If my doctors certify that I am in a persistent vegetative state, that is, if I am not conscious and am not aware of myself or my environment or able to interact with others, and there is no reasonable expectation that I will ever regain consciousness:
_____ 1. Keep me comfortable and allow natural death to occur. I do not
want any medical interventions used to try to extend my life. I do not
want to receive nutrition and fluids by tube or other medical means.
_____ 2. Keep me comfortable and allow natural death to occur. I do not
want medical interventions used to try to extend my life. If I am unable to
take enough nourishment by mouth, however, I want to receive nutrition
and fluids by tube or other medical means.
_____ 3. Try to extend my life for as long as possible, using all available
interventions that in reasonable medical judgment would prevent or delay
my death. If I am unable to take enough nourishment by mouth, I want
to receive nutrition and fluids by tube or other medical means.
The person writing a living will might want to think about some related issues:
* Do we surgically implant a feeding tube into the stomach to take over for the swallowing mechanism that doesn’t work any more?
* Should a respirator be used to take over breathing?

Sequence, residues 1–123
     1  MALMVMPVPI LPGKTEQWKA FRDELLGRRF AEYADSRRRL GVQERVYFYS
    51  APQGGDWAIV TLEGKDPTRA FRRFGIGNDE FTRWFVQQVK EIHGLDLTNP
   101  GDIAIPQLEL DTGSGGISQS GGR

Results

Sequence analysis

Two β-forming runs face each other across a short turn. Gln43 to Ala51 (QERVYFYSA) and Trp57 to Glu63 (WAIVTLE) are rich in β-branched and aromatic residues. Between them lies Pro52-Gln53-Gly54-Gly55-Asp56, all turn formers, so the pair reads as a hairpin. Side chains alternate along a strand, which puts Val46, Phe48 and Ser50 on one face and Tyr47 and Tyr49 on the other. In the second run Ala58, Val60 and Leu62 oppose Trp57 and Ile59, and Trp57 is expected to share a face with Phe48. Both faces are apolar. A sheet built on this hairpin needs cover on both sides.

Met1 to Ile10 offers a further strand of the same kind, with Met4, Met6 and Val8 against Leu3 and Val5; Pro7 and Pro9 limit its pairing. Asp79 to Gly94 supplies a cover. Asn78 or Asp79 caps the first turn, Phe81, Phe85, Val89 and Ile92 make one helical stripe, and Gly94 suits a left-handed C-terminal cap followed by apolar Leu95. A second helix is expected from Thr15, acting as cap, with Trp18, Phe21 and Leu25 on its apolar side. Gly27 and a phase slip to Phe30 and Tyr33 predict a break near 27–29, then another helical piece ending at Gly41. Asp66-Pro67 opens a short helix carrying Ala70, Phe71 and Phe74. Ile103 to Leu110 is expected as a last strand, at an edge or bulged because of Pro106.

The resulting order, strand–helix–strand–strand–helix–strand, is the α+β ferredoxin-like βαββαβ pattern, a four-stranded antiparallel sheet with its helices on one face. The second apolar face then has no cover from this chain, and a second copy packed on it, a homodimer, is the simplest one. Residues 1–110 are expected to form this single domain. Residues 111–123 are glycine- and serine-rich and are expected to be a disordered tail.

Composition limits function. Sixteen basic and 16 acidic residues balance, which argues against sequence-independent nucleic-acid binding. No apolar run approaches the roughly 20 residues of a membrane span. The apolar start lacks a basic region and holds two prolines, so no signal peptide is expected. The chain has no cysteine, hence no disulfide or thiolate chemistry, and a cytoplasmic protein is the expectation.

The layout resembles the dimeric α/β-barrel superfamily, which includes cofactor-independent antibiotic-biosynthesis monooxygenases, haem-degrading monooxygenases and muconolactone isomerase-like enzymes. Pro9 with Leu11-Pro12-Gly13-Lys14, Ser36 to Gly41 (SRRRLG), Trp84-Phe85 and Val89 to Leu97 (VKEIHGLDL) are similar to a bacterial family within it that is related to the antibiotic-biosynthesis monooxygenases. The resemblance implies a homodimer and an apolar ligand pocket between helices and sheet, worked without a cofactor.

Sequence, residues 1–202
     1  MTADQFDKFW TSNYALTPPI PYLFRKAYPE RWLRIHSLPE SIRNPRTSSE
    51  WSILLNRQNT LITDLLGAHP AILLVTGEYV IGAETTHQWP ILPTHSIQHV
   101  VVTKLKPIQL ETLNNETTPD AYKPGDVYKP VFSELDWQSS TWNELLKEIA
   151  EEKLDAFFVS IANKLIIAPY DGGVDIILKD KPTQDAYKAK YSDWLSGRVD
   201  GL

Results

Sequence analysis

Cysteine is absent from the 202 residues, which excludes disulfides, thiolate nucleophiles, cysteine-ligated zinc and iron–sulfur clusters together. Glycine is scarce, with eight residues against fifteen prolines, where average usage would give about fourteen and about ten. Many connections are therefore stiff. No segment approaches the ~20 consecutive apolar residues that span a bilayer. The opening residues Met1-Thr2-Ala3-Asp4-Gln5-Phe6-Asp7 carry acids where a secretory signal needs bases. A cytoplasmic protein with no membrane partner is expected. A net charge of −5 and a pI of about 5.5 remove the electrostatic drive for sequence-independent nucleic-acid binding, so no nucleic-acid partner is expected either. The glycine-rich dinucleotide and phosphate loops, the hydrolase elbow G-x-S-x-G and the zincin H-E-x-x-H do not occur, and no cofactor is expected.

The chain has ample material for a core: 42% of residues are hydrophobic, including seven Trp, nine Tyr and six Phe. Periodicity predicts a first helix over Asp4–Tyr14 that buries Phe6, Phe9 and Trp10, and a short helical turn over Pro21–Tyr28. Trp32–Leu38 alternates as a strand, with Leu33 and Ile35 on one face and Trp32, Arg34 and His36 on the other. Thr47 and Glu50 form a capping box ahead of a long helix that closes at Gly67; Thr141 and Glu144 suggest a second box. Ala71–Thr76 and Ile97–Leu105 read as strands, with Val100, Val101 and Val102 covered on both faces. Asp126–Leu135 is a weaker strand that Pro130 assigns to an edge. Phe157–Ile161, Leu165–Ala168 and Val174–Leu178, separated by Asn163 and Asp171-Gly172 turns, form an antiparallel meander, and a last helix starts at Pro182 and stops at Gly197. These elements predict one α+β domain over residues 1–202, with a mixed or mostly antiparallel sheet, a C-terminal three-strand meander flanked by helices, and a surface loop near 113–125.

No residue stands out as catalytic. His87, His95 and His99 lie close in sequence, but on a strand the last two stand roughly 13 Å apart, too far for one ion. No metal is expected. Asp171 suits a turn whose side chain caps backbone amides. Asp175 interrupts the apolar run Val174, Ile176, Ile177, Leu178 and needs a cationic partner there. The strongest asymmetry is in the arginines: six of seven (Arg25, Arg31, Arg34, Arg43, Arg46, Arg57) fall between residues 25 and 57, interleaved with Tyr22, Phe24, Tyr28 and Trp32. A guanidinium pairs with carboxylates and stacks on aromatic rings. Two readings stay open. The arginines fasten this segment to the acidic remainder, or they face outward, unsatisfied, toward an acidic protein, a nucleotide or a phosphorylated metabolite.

* Should CPR be used if my heart stops — shocking the heart with paddles, and pounding on the chest to squeeze blood from the heart, along with various medications?
* Should I be put on a dialysis machine to take over for my kidneys if mine have failed? (Dialysis is a particularly overused treatment for hopelessly ill patients in the last month of life, probably because Medicare covers the full cost of it.)
In every one of these particulars, one issue is going to be the prospects for recovering a normal or near normal life if heavy-duty care is provided. That’s why my advice is not to place any specific hard-and-fast restrictions on what you want, but just outline general concepts for guidance, and rely on the good sense of your designated decision maker to make the right choices.
Come Visit Our New Office!
Patrick Malone & Associates is in spacious new digs. Our building is at 1310 L Street NW Suite 800 Washington, DC 20005.
Give us a call when you’re in the neighborhood, and stop in.
To your continued health!
Patrick Malone & Associates